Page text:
Background Smoking has consistently been associated with increased risk of developing rheumatoid arthritis (RA). However, no studies have been performed investigating the effect of exposure to environmental tobacco smoke (i.e. passive smoking) on RA risk.
Objectives The aim of this study was to estimate the influence of passive smoking on the risk of developing the two major subsets of RA, defined by anti-citrullinated protein antibodies (ACPA) status.
Methods A population-based case-control study using incident cases of RA was performed in Sweden, and the study population in this report was restricted to include never smokers (589 cases, 1764 controls). The incidence of RA among never smokers who had been exposed to passive smoking was compared with that of never smokers who had never been exposed, by calculating the odds ratio with a 95% confidence interval employing logistic regression.
Results No association was observed between exposure to passive smoking and RA risk (OR 1.0, 95% CI 0.8–1.2 for ACPA positive RA, and OR 0.9, 95% CI 0.7–1.2 for ACPA negative RA). No suggestion of a trend between duration of passive smoking and RA risk was observed.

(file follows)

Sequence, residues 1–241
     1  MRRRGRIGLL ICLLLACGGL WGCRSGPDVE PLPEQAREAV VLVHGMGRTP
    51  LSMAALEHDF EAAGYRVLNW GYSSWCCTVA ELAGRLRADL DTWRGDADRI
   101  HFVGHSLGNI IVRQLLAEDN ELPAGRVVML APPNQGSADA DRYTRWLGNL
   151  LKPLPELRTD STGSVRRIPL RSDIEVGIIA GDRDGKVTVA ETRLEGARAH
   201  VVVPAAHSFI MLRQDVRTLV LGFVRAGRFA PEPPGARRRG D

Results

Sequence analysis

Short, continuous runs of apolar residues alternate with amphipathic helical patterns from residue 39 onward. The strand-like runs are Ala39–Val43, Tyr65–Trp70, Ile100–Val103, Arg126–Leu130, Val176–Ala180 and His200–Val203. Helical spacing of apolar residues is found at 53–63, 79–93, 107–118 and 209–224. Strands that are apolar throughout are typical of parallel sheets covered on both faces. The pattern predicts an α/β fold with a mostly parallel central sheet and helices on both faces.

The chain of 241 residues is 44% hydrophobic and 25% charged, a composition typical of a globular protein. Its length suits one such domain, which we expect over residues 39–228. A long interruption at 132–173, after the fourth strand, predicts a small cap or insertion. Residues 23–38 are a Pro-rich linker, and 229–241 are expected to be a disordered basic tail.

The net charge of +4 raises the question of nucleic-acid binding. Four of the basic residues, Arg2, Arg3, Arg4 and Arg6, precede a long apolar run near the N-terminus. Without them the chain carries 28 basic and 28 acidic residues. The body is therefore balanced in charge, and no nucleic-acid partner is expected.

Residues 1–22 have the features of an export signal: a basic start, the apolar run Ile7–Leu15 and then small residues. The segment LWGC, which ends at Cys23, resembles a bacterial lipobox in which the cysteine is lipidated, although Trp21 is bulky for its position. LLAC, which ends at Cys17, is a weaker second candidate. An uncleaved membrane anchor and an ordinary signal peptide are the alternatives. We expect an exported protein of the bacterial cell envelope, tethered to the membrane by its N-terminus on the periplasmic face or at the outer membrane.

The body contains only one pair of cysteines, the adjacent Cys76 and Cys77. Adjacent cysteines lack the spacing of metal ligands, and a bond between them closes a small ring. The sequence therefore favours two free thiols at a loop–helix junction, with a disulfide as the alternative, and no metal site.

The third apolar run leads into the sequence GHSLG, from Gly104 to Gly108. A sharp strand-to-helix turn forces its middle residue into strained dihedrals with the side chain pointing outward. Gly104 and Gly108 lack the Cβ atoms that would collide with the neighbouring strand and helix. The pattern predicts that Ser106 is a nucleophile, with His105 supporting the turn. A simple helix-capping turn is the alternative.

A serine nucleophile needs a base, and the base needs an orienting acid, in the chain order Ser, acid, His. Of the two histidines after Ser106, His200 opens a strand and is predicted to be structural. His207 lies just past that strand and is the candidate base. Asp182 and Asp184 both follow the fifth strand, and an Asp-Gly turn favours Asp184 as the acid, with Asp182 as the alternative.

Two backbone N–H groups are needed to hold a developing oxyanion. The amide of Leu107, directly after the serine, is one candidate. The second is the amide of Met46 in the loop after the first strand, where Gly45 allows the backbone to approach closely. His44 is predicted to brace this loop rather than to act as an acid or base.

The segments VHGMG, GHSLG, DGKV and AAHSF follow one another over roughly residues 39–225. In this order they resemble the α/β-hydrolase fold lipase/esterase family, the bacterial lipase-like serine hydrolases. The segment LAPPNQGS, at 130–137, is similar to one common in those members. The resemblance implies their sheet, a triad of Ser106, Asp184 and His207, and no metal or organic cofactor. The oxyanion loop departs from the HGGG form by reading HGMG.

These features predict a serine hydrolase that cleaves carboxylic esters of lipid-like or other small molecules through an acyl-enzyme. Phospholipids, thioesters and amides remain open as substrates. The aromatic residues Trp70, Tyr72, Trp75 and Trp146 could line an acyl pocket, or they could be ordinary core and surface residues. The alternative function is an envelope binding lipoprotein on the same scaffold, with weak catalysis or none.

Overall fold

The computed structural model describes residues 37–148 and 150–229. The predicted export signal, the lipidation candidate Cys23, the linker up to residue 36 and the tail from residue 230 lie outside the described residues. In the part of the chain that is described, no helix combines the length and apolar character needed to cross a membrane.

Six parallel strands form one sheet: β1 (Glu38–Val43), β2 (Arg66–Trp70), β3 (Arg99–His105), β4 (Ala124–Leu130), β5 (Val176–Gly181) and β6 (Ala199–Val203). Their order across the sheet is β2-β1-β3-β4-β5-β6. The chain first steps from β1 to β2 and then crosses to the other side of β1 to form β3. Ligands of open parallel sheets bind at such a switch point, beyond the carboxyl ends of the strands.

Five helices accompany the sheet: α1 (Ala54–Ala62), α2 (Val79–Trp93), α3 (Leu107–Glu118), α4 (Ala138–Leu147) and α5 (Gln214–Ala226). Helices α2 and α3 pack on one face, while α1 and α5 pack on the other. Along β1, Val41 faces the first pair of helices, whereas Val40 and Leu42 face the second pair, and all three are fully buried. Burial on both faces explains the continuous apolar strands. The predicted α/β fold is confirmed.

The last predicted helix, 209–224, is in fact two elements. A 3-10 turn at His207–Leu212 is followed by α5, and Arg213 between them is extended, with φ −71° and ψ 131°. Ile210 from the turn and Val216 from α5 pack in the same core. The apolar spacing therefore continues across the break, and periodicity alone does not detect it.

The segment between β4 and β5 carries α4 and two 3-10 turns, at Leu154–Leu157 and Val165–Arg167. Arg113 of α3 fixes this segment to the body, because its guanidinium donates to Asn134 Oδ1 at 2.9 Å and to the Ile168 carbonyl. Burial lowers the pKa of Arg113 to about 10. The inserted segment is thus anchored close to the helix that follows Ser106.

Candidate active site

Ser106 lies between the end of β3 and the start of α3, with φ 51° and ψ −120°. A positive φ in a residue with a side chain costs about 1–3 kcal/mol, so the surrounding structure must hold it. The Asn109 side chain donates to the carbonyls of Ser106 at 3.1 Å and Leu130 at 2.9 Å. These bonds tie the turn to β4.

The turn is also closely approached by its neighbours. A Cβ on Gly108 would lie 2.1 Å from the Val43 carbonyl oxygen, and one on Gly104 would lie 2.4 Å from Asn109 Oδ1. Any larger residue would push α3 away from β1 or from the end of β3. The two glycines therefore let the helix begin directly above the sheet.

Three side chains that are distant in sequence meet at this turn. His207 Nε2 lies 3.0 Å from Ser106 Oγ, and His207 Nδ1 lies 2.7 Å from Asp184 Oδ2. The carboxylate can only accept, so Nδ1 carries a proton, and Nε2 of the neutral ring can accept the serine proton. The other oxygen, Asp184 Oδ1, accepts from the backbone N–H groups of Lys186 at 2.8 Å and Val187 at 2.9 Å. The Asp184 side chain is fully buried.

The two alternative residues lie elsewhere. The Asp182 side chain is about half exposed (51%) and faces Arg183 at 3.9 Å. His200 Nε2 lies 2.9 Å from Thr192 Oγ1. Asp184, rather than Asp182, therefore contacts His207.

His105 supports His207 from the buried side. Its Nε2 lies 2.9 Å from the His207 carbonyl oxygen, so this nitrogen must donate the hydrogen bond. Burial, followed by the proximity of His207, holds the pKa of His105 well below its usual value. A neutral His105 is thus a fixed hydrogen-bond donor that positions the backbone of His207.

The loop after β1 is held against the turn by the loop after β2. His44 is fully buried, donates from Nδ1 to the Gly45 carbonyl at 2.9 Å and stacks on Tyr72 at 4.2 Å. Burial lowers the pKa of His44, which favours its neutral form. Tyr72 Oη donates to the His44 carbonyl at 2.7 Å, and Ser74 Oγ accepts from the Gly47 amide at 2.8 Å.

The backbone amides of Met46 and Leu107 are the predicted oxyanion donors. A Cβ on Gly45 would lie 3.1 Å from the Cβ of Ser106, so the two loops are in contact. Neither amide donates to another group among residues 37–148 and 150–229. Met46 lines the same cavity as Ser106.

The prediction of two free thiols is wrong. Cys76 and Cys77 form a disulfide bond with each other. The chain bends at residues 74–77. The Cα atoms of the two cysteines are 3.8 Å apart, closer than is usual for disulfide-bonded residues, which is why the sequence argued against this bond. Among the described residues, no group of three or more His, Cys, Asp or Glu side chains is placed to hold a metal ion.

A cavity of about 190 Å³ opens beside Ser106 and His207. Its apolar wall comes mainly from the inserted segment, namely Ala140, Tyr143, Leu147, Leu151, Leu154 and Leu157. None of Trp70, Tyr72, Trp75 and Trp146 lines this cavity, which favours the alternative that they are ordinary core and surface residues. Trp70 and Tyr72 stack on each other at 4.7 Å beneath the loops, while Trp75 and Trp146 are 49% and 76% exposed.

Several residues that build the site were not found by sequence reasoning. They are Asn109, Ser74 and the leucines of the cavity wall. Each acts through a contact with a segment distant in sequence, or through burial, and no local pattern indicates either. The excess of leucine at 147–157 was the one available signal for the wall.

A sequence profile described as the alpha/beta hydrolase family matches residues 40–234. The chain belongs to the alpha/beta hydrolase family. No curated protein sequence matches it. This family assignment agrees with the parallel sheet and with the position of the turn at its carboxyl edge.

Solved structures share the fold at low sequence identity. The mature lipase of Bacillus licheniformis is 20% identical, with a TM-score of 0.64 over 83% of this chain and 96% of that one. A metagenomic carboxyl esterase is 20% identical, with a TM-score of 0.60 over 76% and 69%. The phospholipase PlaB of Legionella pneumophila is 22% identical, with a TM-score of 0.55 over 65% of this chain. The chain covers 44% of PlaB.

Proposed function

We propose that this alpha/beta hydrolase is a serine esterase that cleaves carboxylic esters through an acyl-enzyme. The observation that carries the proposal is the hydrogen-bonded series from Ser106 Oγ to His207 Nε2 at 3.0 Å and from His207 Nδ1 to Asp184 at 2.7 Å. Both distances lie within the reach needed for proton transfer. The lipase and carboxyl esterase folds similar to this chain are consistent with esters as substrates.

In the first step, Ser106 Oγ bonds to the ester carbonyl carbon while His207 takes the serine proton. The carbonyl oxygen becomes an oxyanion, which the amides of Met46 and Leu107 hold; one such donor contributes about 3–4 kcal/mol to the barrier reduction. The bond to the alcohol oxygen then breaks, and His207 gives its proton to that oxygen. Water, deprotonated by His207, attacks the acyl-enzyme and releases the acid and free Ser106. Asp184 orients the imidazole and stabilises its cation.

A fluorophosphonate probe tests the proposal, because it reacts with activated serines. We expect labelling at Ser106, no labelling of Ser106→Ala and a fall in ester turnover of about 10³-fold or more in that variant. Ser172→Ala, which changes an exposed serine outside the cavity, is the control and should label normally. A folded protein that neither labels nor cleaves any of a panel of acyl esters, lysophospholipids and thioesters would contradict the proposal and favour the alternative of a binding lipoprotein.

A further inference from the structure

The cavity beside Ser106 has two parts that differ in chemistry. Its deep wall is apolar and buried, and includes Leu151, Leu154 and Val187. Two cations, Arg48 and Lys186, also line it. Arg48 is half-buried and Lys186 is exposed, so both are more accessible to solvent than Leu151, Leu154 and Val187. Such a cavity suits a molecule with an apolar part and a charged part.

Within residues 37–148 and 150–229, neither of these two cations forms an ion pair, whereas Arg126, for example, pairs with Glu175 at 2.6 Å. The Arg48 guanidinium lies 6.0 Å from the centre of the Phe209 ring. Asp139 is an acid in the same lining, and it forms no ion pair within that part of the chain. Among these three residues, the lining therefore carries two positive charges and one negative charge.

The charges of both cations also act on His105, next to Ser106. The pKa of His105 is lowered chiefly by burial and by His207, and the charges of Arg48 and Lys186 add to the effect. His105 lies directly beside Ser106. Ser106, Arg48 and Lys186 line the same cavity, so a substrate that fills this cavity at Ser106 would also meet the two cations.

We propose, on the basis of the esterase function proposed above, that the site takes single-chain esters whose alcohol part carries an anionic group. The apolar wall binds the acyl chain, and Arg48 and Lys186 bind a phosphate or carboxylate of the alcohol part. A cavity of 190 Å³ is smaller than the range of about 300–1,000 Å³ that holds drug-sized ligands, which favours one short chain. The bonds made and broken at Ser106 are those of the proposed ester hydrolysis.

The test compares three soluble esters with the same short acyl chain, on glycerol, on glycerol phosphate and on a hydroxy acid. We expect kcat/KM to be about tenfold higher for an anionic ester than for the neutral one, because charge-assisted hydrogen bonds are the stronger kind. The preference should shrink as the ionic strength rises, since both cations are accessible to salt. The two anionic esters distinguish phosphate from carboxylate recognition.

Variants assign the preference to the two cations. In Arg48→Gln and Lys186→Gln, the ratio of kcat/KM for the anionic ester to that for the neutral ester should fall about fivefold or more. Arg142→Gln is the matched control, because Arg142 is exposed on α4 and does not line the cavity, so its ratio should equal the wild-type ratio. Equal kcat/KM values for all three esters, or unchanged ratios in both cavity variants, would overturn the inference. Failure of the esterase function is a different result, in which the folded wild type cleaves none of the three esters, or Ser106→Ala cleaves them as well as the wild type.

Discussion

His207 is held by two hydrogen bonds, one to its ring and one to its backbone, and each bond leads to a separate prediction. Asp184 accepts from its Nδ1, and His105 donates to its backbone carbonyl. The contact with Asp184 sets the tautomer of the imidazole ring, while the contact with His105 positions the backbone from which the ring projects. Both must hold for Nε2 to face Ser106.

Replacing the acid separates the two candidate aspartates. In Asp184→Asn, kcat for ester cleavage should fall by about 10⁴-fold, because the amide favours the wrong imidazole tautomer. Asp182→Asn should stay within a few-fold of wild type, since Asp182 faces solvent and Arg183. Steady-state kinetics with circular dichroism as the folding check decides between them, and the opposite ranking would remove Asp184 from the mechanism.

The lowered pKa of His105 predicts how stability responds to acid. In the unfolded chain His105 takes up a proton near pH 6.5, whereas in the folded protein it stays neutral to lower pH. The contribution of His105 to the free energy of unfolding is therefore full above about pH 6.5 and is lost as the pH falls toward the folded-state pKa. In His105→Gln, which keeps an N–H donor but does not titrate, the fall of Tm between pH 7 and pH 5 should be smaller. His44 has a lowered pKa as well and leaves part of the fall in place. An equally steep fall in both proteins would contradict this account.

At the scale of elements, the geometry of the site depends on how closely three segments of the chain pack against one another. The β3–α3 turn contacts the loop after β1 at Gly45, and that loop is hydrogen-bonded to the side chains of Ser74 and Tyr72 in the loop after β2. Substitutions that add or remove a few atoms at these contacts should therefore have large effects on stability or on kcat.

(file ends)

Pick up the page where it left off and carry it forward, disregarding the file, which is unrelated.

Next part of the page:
Conclusions No association was observed between exposure to passive smoking and RA risk, which may be explained by a threshold below which no association between smoke exposure and RA occurs.
Acknowledgements The EIRA study was supported by grants from the Swedish Medical Research Council, the Swedish Council for Health, Working life and Welfare, King Gustaf V:s 80-year foundation, the Swedish Rheumatism Foundation, Stockholm County Council, the insurance company AFA, the EU-supported AutoCure and BeTheCure projects, and from the COMBINE (Controlling chronic inflammatory diseases with combined efforts) project.
Disclosure of Interest None declared
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